Friday, December 23, 2011

Is There A Doctor In The House?

It's December 23rd, the calm after the storm.  I have a sinus infection from hell- snot blocking all of my airways and tissue attached to my hands.  I have long sleeves on my sweater because I'm cold most of the time (except for those hot flashes) and I keep tissues up the sleeves so it looks like I am a human tissue dispenser.  Sometimes I spike a fever and sweat profusely for about 10 minutes, then go back to freezing to death.  I'm self-medicating, taking antibiotics from the last time I was sick and some sudafed stuff.  Later I will go get some Nyquil and maybe mix it with vodka to improve the effect.  That will heal me.

School is out.  I was done teaching at my middle school on the 13th, and the last class for my college students was on the same day, so once grades were turned in there was nothing left to do as far as teaching is concerned.  All I had to worry about was graduation. 

Ah graduation.  A few weeks ago, I took a copy of my dissertation in to the graduate college to have them pre-approve the document.  They require two copies of the dissertation on 100% cotton paper.  I wrote about this in my last blog post but I was a little, uh, stressed out at the time and thought I'd take a second swing at it.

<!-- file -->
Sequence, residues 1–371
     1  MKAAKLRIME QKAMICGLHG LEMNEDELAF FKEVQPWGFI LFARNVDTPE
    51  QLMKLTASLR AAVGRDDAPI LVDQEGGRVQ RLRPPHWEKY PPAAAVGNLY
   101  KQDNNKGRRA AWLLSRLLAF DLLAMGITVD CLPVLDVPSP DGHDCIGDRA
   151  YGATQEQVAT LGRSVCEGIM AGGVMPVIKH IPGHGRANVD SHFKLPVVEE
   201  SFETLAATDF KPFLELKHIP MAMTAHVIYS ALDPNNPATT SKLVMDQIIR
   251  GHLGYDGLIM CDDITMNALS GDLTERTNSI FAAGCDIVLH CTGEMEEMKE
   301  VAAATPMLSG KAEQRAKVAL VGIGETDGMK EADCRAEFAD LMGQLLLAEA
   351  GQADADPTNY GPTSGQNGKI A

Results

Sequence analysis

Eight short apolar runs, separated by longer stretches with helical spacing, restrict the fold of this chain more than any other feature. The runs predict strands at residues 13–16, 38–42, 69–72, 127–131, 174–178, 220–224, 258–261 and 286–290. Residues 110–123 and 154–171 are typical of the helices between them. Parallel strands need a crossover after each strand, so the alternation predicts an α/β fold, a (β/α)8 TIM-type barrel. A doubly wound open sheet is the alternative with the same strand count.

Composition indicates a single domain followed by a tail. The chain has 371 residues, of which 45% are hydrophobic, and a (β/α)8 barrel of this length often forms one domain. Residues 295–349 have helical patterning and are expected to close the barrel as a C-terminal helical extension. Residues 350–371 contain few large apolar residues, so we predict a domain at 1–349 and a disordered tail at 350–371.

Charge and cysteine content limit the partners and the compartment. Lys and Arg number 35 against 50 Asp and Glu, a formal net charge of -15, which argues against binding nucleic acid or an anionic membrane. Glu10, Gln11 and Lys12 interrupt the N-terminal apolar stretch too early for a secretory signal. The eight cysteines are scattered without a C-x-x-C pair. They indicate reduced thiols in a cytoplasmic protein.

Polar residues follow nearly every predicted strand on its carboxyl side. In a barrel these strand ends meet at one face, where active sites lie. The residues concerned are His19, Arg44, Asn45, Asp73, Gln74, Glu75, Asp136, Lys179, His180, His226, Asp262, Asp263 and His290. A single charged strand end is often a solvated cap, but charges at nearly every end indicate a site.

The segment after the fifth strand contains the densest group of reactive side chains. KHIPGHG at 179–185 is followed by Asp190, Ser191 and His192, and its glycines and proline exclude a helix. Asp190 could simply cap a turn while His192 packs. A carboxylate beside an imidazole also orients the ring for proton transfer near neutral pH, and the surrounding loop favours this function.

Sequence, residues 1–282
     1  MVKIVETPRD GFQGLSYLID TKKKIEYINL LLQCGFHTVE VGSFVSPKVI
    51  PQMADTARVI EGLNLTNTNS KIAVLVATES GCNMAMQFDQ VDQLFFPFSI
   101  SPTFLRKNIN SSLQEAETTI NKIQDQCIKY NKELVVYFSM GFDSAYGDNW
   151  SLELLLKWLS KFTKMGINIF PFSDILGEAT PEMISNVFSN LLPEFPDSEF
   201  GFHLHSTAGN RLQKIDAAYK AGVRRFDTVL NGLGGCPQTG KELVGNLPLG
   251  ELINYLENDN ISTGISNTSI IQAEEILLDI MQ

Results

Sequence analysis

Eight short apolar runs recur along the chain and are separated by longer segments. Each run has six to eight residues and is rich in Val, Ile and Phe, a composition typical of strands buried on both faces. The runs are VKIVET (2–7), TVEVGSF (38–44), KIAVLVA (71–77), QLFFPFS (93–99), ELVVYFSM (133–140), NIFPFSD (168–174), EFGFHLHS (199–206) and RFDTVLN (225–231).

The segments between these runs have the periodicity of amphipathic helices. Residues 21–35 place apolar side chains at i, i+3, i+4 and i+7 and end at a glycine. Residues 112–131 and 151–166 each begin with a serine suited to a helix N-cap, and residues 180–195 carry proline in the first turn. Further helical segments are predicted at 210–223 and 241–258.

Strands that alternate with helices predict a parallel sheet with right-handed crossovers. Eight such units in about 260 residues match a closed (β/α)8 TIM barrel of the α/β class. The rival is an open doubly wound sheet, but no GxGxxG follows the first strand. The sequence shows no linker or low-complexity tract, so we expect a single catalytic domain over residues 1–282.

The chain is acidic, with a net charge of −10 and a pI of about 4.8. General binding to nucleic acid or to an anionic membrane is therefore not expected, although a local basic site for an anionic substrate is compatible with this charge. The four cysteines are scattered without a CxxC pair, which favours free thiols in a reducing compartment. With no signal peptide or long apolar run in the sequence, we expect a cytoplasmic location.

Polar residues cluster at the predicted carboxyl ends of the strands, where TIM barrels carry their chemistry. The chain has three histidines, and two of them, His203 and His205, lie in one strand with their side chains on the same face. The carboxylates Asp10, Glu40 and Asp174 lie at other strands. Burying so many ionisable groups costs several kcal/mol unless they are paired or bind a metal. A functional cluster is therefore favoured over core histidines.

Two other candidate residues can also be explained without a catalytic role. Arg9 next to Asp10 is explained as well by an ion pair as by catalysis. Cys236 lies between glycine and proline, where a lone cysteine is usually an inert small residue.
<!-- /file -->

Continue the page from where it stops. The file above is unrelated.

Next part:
Since it's expensive to print dissertations, I did a dry run and had them ferret out any changes so I didn't have to reprint.  Two changes, that was all.  Easy ones.  So I made my last appointment for the Wednesday before graduation.  I had until Friday to turn things in but my first experience with the graduate college is that last minute is never going to work.  That experience involved me reprinting my masters thesis six different times and costing hundreds of dollars.  Live and learn and don't make the same mistake twice.  Two changes.  I did that, and gladly printed my dissertation- all 200 pages of it- on 100% cotton paper as required by the graduate college.  The borders were just so; the margins at the top not too far to the top and each page dutifully numbered in roman numerals and in plain numbers.  Appendices were clearly marked and all pagination noted in the table of contents.  The abstract was single spaced and the acknowledgments were double spaced.  I rather triumphantly marched into the graduate college at the appropriate time and was greeted with a wait of 45 minutes- despite my appointment- because of a "staff meeting".  Everyone came out of the meeting with wrapping paper and christmas gifts.  Five minutes later, I heard seven dreaded words, "There is a problem with your dissertation." 

Let's pause for a moment, shall we?  I have heard those words before.  They make me panic and give me nightmares.  I heard them in my dreams and the doubtful voice in my head shouted "I knew it! Did you think they'd just let you pass?"  It is the apprent job of the grad college to act as a barrier of sorts, a final condom between those who have a strong desire to expel dissertations into the world and those who shall not pass because they are not worthy.  Myself being the former, I inquired politely as to the nature of the problem.

It was only a single error.   A page needed to be single spaced and not double spaced. 

It was a single error on the signature page.